Located near Palm Springs, Desert Hot Springs is indeed home to quite a few natural mineral hot springs. We stayed at Caliente Springs Resort which has a large pool, several spas and showers all of which are fed from the mineral springs. The water from the Desert Hot Springs Aquifer continues to be heated by ancient geothermal forces thousands of feet below the earth’s surface. Naturally heated to temperatures as high as 180 degrees, the waters are thought to have curative properties.
In addition to spending time in the mineral pools, we visited the nearby Coachella Valley Preserve, also known as Thousand Palms Oasis Preserve. The following is from their website:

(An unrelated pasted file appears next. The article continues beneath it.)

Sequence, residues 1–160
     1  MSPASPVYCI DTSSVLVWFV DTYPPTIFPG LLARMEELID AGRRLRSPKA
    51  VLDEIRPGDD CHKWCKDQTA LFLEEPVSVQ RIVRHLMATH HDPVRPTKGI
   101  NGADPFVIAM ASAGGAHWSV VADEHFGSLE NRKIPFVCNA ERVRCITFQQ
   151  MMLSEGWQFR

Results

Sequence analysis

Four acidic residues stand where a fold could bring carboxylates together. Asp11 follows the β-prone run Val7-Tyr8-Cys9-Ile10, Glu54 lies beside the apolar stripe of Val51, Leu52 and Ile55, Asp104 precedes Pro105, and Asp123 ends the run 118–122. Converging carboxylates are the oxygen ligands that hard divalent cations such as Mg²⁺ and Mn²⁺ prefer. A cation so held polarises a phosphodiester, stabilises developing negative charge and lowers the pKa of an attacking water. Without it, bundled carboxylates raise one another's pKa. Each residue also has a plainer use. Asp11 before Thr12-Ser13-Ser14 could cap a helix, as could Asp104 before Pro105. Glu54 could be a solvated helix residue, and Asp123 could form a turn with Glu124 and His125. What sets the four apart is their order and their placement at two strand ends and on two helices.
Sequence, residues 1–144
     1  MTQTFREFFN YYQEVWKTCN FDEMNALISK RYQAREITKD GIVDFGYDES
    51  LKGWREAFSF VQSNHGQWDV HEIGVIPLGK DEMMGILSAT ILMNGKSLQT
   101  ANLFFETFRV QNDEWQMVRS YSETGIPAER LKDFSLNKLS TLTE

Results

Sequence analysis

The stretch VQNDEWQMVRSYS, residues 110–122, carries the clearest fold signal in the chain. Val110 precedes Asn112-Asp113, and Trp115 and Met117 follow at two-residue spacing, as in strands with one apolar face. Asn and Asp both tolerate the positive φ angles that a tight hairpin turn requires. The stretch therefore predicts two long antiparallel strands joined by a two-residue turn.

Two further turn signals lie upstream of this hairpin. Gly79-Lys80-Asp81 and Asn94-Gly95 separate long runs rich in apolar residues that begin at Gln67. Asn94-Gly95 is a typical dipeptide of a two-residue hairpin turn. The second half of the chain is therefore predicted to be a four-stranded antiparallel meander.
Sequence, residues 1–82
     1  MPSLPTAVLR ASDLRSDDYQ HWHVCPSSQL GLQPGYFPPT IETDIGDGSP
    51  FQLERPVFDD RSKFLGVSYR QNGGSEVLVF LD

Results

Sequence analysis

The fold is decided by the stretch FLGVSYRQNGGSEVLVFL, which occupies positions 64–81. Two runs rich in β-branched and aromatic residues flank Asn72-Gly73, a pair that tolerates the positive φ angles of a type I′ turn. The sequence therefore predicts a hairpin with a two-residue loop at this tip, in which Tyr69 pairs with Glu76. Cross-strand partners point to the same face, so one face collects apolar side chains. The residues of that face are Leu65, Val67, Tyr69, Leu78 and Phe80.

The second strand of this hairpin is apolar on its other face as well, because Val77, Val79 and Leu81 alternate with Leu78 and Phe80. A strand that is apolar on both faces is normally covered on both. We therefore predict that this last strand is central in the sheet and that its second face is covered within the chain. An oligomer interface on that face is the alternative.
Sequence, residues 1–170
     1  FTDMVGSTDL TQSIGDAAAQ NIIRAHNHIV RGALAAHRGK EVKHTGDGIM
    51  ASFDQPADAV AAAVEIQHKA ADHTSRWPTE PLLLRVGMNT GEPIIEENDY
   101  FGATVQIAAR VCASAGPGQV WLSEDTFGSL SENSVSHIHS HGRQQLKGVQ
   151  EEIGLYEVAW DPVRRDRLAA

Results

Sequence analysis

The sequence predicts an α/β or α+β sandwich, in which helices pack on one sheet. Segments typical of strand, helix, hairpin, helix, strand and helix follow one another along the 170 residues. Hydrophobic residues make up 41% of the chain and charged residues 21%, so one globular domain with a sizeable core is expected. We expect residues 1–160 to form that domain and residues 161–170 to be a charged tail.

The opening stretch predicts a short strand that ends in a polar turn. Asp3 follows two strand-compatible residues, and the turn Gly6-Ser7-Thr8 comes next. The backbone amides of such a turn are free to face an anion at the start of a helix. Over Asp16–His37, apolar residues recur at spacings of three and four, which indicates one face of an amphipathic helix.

The Preserve contains a rare and fragile habitat type ˗˗ palm woodland oasis and desert wetland. Water from the springs along the San Andreas earthquake fault feed perpetual water features in the form of seeps, creeks, and ponds. A rare resource in the desert, the water feeds the majestic California fan palm which creates a cool and shady respite from the hot summer sun. Wide sweeps of desert wash, dotted with smoke tree and indigo bush, feed into the oasis, and tucked around the oasis lie the rare desert wetlands, lined with arrowweed, willows, cattails, and cottonwoods.
Our friends Tim and Dinah have recently purchased a really beautiful Airstream travel trailer and their second outing in it was to Desert Hot Springs. Since our schedules overlapped for 2 nights we were able to spend some time with them. They took us out to a hike they were familiar with, Ladder Canyon. It is a beautiful hike through an area with slot canyons and with colorful and interesting rock formations. We had an enjoyable day of hiking.
Next stop: Redlands, CA